March 2008
In This Issue
Veteran Faculty Member Selected for Endowed Chair
UCCS Joins Education Effort to Secure Nation's Ports, Islands
Mountain Lions Pounce on Children's Hospital
Theaterworks Faces Islam
_______________________

Upcoming Events
 
*
 
March 18, 6:30 pm:
Cafe Scientifique featuring Dr. Michael Larson, El Pomar Endowed Chair of Engineering and Innovation at Poor Richard's Bookstore
 
Dr. Larson will give a presentation entitled "Development of a Medical Device for Laser Tissue Fusion: an Example of Invention at the MIND Studios."
 
Learn more online, or call (719) 262-3180.
 
*
 
Ongoing through April 5:
Dario Solman's The Heart of Perspective, The Making of the Film at the Gallery of Contemporary Art
 
Visit the Gallery's website or contact Christopher Lynn for more information.

*
 
Ongoing through April 5:
Theatreworks presents 9 Parts of Desire at the Dusty Loo Bon Vivant Theater
 
Visit the Theatreworks website or call (719) 262-3232 to learn more.
 
*
Ongoing through April 6:
Theatreworks presents Dar Al-Harb at the Dusty Loo Bon Vivant Theater
 
Visit the Theatreworks website or call (719) 262-3232 to learn more.
 
*
April 11, 5:00 pm:
Opening Reception for "Poland: Photographs by Jurek Durszak" at the University Center
 
Contact Jane Muller at (719) 262-4553 for more information.
 
*
 
April 14, 5:00 pm:
Legacy Lecture - Helene Tremblay presents Families of the World
 
Visit the Kraemer Family Library for more information.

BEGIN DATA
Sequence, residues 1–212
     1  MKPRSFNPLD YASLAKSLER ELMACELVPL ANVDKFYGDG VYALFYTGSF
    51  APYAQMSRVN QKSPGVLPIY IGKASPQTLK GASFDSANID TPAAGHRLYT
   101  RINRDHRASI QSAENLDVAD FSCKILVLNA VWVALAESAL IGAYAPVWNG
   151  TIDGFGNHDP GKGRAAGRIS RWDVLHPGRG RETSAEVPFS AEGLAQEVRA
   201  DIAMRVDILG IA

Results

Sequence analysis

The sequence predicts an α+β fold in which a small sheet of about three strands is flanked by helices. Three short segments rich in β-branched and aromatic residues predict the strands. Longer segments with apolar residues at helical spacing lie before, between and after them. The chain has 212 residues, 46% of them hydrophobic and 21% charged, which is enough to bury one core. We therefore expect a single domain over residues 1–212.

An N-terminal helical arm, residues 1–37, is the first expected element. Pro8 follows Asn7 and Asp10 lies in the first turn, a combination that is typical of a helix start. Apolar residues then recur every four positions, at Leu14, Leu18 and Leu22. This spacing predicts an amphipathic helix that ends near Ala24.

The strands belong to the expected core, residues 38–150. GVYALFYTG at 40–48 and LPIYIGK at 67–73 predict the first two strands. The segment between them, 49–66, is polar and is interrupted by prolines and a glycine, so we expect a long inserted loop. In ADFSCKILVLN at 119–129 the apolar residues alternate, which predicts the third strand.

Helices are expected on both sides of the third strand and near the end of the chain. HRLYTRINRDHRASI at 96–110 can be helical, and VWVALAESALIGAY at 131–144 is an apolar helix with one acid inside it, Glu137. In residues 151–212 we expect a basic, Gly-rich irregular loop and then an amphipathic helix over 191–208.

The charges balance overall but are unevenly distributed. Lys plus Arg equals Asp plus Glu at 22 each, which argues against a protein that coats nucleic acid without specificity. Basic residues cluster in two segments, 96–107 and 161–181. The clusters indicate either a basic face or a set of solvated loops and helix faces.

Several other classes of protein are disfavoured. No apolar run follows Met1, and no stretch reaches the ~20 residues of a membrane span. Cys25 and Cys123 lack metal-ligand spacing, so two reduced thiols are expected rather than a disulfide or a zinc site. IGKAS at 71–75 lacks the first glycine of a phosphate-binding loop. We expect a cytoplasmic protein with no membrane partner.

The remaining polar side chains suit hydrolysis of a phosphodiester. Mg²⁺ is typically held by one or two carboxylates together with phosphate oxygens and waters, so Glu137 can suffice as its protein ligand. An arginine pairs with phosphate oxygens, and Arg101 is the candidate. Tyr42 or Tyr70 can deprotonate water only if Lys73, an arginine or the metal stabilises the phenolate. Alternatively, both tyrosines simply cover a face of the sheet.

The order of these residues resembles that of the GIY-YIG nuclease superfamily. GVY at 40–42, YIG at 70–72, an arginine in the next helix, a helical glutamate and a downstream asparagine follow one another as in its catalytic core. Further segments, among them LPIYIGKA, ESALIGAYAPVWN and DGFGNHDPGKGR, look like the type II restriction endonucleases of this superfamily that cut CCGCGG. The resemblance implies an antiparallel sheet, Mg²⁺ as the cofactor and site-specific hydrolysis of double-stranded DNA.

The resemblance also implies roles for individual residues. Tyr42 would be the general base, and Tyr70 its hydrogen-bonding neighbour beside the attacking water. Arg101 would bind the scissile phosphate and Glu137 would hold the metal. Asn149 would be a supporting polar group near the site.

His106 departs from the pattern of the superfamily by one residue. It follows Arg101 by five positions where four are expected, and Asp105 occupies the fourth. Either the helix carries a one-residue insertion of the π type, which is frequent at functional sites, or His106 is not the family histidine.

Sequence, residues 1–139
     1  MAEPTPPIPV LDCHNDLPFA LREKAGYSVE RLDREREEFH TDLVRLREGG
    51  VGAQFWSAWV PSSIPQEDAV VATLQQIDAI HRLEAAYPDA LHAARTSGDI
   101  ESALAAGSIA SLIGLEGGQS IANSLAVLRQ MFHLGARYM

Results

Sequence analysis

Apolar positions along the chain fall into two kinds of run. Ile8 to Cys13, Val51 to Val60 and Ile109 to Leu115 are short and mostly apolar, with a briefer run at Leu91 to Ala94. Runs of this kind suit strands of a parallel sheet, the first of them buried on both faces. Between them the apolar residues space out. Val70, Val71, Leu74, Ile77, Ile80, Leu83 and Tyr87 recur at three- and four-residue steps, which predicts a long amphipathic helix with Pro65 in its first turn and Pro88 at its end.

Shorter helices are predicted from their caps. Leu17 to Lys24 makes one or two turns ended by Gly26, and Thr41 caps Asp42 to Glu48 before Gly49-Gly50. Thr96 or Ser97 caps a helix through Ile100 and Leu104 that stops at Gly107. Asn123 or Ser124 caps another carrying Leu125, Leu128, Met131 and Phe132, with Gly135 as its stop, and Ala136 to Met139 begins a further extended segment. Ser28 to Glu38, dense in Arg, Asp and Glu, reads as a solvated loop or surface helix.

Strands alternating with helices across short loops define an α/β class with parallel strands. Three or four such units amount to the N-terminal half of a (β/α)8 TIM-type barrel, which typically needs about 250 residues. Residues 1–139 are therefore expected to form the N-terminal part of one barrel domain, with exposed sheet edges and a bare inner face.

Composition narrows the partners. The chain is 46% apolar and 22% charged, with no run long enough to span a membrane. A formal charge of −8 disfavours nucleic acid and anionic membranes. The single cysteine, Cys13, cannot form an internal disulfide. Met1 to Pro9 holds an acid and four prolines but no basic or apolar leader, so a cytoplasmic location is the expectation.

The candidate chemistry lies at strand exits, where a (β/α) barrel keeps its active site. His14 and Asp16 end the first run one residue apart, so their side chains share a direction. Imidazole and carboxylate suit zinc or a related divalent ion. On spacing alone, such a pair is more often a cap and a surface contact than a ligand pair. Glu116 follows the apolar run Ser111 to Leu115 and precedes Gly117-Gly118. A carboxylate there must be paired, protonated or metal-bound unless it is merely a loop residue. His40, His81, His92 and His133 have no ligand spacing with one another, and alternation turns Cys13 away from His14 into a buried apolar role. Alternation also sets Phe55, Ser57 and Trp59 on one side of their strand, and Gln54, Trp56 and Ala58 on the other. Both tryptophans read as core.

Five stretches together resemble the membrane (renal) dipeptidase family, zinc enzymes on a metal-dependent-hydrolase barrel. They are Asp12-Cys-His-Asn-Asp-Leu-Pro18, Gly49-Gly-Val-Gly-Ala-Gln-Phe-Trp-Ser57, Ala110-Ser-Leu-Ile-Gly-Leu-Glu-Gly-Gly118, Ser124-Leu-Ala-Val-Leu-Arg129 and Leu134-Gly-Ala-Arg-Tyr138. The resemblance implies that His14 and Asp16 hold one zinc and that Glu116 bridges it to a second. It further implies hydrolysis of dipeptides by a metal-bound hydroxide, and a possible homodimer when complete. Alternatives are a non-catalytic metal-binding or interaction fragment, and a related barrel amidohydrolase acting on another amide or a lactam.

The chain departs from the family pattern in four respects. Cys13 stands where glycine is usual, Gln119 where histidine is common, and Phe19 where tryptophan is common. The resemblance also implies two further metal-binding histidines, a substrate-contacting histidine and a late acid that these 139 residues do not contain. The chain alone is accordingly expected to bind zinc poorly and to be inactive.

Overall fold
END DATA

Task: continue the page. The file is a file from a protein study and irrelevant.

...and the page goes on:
*
 
April 15, 6:00 p.m.:
Third Annual UCCS Student Short Film Festival
 
Visit the UCCS Event Calendar for more information.
Greetings! Jennifer Hane

Campus activities for the spring semester are in full-swing, and its a great time to take advantage of some of the benefits available to you as a UCCS alumnus.
 
The event listing on the left panel of the newsletter contains information about two current Theatreworks productions, 9 Parts of Desire and Dar Al-Harb. All UCCS alumni receive a $1 discount on ticket purchases. In addition, all alumni receive free admission to the UCCS Gallery of Contemporary Art, which is currently featuring Dario Solman's The Heart of Perspective: The Making of the Film.
 
If you haven't been back to campus in a while, now is a great time to stop by for a visit. Let us know when you're planning to visit - we'd love to give you a tour of the campus and answer your questions about how you can remain connected with your alma mater.
 
We hope to see you on campus soon!
 
Jennifer Hane, BA 2001, MPA 2004
Director of University Events and Alumni Relations
Veteran Faculty Member Selected for Endowed Chair
 
CarlosA professor whose work revolutionized cell phones and other electronic devices will be the Symetrix Chair of Device Science and Technology at UCCS.

Carlos Araujo, a 25-year member of the faculty and professor of electrical and computer engineering, will continue his research in applied electronics including technology to improve vision, detect disease, and to assist older Americans.

"This named chair position, made possible with generous funding from Symetrix Corporation, recognizes the leadership and achievements of Dr. Araujo," Jeremy Haefner, dean, Engineering and Applied Sciences, said. "Additionally, it ensures that he continues to pursue innovations that have the promise to positively affect lives and improve the human condition."

The endowed chair position will allow Araujo to pursue research in micro electronics and nano electronics, independently and in cooperation with other parts of the university including the assisted-living work done by Sara Qualls, professor, Psychology.